Background and purpose: Brain connectivity analysis has been widely used to investigate brain plasticity and recovery-related indicators of patients with stroke. However, results remain controversial because of interindividual variability of initial impairment and subsequent recovery of function. In this study, we aimed to investigate the differences in network plasticity and motor recovery-related indicators according to initial severity.
Methods: We divided participants (16 males and 14 females, aged 54.2 +/- 12.0 years) into groups of different severity by Fugl-Mayer Assessment score, i.e. moderate (50-84), severe (20-49) and extremely severe (<20) impairment groups. Longitudinal resting-state functional magnetic resonance imaging data were acquired at 2 weeks and 3 months after onset. The differences in network plasticity and recovery-related indicators between groups were investigated using network distance and graph measurements.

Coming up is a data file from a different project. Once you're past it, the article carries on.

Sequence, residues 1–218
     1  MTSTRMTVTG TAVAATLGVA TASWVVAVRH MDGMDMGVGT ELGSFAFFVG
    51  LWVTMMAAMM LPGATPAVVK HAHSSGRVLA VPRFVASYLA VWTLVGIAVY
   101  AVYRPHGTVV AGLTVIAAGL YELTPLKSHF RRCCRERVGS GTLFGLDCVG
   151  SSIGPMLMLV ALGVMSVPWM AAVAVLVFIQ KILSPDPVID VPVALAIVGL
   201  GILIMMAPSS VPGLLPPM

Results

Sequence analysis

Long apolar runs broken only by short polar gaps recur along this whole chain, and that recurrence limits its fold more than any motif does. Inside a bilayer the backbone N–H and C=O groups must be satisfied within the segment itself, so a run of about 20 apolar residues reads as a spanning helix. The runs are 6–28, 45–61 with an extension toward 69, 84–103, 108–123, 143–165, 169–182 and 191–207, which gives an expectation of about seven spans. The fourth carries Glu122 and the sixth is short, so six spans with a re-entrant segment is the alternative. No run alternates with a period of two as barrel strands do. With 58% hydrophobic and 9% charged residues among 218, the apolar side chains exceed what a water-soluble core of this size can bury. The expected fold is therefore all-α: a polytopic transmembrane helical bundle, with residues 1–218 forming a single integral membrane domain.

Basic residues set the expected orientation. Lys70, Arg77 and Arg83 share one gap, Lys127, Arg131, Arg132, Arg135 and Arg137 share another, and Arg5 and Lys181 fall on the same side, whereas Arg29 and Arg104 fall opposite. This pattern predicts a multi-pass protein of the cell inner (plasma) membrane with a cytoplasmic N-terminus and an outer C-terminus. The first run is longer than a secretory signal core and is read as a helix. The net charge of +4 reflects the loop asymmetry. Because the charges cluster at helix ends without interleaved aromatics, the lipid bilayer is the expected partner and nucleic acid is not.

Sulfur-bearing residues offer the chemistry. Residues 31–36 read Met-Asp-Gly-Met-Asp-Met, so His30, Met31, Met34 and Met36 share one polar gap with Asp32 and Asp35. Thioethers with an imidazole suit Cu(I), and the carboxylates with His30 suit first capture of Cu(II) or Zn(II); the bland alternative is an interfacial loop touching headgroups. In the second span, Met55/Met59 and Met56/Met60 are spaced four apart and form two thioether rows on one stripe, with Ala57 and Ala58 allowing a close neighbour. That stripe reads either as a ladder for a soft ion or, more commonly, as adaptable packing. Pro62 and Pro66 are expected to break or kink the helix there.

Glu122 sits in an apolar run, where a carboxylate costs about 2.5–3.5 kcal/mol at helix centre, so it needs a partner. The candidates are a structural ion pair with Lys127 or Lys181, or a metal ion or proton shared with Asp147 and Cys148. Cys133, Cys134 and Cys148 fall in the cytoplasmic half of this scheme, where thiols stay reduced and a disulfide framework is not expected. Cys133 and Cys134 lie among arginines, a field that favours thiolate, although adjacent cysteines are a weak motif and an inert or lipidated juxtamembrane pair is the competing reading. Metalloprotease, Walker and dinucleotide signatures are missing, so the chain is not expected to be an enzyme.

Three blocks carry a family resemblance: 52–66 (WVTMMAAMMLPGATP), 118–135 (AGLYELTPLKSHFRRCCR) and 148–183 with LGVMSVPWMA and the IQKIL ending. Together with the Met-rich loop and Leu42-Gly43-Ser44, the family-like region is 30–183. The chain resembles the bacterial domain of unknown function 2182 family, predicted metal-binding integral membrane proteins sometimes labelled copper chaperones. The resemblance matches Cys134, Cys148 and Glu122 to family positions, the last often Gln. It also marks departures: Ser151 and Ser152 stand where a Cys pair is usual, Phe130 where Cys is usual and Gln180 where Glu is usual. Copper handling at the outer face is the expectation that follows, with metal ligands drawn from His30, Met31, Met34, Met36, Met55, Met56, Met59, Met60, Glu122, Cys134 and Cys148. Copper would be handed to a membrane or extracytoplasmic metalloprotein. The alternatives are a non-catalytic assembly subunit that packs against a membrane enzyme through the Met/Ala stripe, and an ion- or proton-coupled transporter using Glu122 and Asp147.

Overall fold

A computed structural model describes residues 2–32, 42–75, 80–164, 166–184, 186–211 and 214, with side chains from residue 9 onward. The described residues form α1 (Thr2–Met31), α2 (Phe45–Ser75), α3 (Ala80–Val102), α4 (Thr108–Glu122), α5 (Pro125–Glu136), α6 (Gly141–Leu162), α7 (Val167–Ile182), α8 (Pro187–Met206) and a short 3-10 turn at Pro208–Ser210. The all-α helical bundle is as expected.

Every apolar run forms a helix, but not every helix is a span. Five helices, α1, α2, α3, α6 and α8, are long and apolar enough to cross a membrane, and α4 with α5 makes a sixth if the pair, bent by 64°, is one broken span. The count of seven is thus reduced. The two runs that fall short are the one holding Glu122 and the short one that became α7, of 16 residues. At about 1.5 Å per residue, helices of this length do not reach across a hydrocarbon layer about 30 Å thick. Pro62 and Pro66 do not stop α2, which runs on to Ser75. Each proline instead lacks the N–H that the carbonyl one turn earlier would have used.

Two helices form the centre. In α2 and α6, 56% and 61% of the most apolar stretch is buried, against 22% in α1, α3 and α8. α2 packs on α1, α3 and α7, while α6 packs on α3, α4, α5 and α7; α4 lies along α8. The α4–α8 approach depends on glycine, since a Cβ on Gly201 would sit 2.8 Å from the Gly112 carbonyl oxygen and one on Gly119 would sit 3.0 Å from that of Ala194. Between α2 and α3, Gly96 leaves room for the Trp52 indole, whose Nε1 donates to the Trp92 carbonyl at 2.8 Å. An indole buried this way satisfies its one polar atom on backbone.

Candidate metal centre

Results: As the level of impairment increased, the network balance was more disrupted. Network balance, interhemispheric connectivity and network efficiency were recovered at 3 months only in the moderate impairment group. However, this was not the case in the extremely severe impairment group. A single connection strength between the ipsilesional primary motor cortex and ventral premotor cortex was implicated in the recovery of motor function for the extremely severe impairment group. The connections of the ipsilesional primary motor cortex-ventral premotor cortex were positively associated with motor recovery as the patients were more severely impaired.
Conclusions: Differences in plasticity and recovery-related indicators of motor networks were noted according to impairment severity. Our results may suggest meaningful implications for recovery prediction and treatment strategies in future stroke research.